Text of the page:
Frogs’ graduation success rate ranks high among top programs

Frogs graduation success rate ranks high among top programs

TCU football has a player graduation rate 12 percent higher than the national average, a study found.According to a recent NCAA study on graduation rates, TCU is graduating an average of 78 percent of its senior football players, while the national average is 66 percent. The Horned Frogs also ranked in the top five for graduation success rates.

At TCU, student-athlete graduation rates are a top priority, head coach Gary Patterson said.

TCU football has accomplished its ahead-of-the-curve graduation rate, while at the same time, posting three seasons of 10 or more wins in the past four years.

During the 2005 and 2006 seasons, TCU finished fifth in graduation rates among teams ranked in the national top 25 polls.

Patterson said he takes pride in the football team’s graduation successes and makes it a personal point to push the importance of school to his players.

“They better go to class or they’ll run,” Patterson said.

Redshirt freshman quarterback Andy Dalton said TCU’s academics were a major reason why he chose to attend.

“Ever since recruiting, he (Patterson) talked about how high the graduation rates are here,” Dalton said.

Dalton said he believes academics should be a factor in every athlete’s school choice, and TCU’s academics probably help persuade players to attend.

Academically, Patterson said his main focus for his team is helping players get through their freshman and sophomore years.

“I don’t think they see the light at the end of the tunnel,” Patterson said. “Finally, when they get to their junior and senior years, they start to mature and they see how school is important and they get a degree.”

Senior free safety David Roach said the coaches are always pushing younger players to succeed in class.

“Your first two years, you constantly have coaches watching out for you,” Roach said. “I wouldn’t say hounding you, but they’re actually looking out for you, trying to grow you up into a man.”

Patterson said students often start school with the idea that they have it made and studying takes a back seat to athletics and social activities.

To counter the new student-athlete’s inexperience, the team implements mandatory summer school and study hours for freshmen and sophomores.

Dalton said the coaches require and monitor his study hours. He said the transition from high school to college is a big leap, but the team always offers help.

“When you first get here, college is obviously different from high school, especially when you’re playing a sport,” Dalton said.

Roach said it is important for players to drop bad habits they may have picked up in high school.

“It’s very easy to transfer things – bad mistakes,” Roach said.

Patterson said he personally keeps a record of every player’s GPA and hours as another measure to ensure his players’ success on and off the field.

By doing so, Patterson said, he does not need to rely on anyone else to keep track of his players’ progress and can look up any player at any time.

The push Patterson makes for good grades and high performance in class often leaves his players upset with him, he said.

“If they’re mad because I’ve been pushing them too hard, it usually takes them five years to come back,” Patterson said. “But they usually come back whether they like me or not and thank me.”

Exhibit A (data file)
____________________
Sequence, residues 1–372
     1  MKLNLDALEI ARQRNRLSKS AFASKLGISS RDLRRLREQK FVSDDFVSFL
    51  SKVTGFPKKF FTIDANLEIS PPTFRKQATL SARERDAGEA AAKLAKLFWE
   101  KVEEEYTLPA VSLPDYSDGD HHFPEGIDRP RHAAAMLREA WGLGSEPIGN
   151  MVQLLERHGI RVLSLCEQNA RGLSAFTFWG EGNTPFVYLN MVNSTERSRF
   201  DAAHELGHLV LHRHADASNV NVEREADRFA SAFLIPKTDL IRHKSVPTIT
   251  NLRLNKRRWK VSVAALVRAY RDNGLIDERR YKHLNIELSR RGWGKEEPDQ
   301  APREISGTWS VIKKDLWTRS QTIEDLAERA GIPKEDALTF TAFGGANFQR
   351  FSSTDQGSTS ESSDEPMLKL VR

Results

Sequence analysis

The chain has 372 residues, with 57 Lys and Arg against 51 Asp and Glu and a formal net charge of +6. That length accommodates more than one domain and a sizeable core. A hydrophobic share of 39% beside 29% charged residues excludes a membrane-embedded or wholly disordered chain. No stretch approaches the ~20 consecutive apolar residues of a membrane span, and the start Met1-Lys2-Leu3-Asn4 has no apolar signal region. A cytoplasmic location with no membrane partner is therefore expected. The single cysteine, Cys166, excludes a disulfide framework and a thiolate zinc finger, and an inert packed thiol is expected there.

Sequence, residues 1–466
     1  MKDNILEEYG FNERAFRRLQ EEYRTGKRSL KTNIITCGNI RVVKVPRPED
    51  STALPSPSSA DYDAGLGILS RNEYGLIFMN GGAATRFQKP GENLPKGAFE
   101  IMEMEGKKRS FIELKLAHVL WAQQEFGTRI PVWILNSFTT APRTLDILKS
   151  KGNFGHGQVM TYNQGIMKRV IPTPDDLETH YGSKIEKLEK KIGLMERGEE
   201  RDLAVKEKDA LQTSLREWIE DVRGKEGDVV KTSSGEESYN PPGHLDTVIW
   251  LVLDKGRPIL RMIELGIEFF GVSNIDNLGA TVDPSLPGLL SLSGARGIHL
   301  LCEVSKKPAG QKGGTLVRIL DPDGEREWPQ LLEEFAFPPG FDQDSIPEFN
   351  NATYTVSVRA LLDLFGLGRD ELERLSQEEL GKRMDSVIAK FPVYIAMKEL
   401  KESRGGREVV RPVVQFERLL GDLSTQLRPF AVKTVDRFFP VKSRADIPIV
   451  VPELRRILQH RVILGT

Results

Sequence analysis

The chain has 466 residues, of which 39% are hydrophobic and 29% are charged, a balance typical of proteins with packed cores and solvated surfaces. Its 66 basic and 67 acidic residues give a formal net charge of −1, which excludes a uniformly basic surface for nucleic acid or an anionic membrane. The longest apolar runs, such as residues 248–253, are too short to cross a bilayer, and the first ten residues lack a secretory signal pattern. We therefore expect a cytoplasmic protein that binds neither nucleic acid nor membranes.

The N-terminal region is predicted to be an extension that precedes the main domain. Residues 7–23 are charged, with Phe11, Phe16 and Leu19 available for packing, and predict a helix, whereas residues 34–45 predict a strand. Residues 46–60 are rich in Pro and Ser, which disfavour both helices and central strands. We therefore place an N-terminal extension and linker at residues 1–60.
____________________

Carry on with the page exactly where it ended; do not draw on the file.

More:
Junior defensive tackle Cody Moore said he has gotten to the point where he no longer needs to worry about school because he is confident in his ability to get good grades, and he thanks Patterson for helping him get there.

“I appreciate the things he does,” Moore said, “like keeping a close eye on us with the grade checks.”

Playing time is a tool Patterson uses to motivate students to study and go to class.

“The only thing coaches really have on kids is playing time,” Patterson said. “If you don’t go to class or you don’t study, then you’re not going to suit up.”

Roach said Patterson is serious about benching players if they fail to meet academic requirements.

“If you don’t get the certain amount of hours that you need for study hall, you actually will not be able to play for Coach Patterson,” Roach said.

Currently, the Horned Frogs have five players working on their master’s degrees, and 15 of the 17 seniors on the team plan to graduate in December.

Roach is working on his master’s in liberal arts and said he knew from day one that academics were a big part of TCU.

Roach said that through the years, studying and balancing his workload has gotten easier.

TCU’s 14-1 student-faculty ratio is one reason Patterson said the players have succeeded in school.

On this year’s team, Patterson said, none of his upperclassman players fell below a 2.0 GPA last semester.

Patterson said this number is even more impressive when film, practice, game plans and games are considered.

The hardest part of every year is the middle of the fall semester, Patterson said. He called it a grind that required his players to not only play the bulk of their football schedule, but also deal with midterms and all the mid-semester work required of students.

Because of the struggle many freshman players have, he said, there should be a fifth year of eligibility.

He makes it a point to redshirt first-year players or declare as many freshmen ineligible to play in games as possible.

This gives what he considers a needed adjustment time from high school to college work, Patterson said.

No matter how the team is playing, Patterson said, he is always going to make sure his players get a good education first.

“Ever since I’ve been here, it’s been academics first, football second,” Roach said.